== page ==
The influence of Buddenbrooks on later novels of the 20th century is probably less than Mann's other novels. Nonetheless, Faulkner said of the novel that it was for him "the greatest novel of the century" and kept an edition of Buddenbrooks in his home library bearing Mann's own signature.
Mann's emotional description of the Frau Consul's death has been noted as a significant literary treatment of death and the subject's self-awareness of the death process.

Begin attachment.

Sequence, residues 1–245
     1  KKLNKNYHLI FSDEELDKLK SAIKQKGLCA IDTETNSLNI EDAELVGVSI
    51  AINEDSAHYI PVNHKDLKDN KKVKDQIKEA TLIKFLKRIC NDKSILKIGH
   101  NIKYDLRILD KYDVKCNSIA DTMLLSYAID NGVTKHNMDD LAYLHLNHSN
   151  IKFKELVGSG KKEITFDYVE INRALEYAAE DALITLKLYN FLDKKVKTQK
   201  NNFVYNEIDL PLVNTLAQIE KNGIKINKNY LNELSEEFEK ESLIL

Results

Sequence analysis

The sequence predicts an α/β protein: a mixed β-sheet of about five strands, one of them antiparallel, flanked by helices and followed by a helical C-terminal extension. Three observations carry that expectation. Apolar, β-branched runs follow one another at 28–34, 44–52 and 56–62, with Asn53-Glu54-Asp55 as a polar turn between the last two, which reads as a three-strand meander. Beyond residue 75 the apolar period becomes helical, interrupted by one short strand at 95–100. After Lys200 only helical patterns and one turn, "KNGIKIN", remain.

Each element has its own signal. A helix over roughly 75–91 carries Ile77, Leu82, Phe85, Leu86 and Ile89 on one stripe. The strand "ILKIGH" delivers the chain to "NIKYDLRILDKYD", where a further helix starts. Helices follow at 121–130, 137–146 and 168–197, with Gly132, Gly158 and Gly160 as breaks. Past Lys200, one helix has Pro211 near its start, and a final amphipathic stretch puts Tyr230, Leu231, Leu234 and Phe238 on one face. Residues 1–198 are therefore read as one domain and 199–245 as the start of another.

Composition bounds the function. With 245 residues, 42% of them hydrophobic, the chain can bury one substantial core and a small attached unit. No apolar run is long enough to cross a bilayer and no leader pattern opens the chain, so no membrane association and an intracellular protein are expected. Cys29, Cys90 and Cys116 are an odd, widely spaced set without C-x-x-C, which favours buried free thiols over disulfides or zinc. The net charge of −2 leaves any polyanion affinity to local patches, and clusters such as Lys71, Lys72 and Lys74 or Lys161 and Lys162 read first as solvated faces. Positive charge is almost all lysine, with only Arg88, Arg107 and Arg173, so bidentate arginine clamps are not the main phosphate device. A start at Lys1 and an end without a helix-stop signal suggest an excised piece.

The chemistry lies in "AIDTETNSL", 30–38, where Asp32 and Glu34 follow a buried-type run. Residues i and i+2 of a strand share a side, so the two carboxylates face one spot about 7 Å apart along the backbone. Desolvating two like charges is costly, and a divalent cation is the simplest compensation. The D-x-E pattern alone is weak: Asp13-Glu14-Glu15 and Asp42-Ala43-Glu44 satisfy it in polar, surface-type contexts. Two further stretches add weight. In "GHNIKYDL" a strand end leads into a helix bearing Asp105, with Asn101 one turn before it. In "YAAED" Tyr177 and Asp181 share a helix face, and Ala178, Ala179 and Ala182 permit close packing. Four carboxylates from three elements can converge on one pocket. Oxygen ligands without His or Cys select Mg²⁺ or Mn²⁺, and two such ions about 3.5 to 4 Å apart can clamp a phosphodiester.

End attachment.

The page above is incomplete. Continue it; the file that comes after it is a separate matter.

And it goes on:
In Part 10, chapter 5, Thomas Mann described Thomas Buddenbrook's encounter with Schopenhauer's philosophy. When he read the second volume of Schopenhauer's The World as Will and Representation, Thomas Buddenbrook was strongly affected by Chapter 41, entitled "On Death and Its Relation to the Indestructibility of Our Inner Nature." From this chapter's influence, he had such thoughts as "Where shall I be when I am dead? ...I shall be in all those who have ever, do ever, or ever shall say 'I' " ..."Who, what, how could I be if I were not—if this my external self, my consciousness, did not cut me off from those who are not I?"..."soon will that in me which loves you be free and be in and with you – in and with you all." "I shall live...Blind, thoughtless, pitiful eruption of the urging will!" Schopenhauer had written that "Egoism really consists in man's restricting all reality to his own person, in that he imagines he lives in this alone, and not in others. Death teaches him something better, since it abolishes this person, so that man's true nature, that is his will, will henceforth live only in other individuals." According to this teaching, there really is no self to lose when death occurs. What is usually considered to be the self is really the same in all people and animals, at all times and everywhere. Irvin D. Yalom had a character in his novel describe it as follows: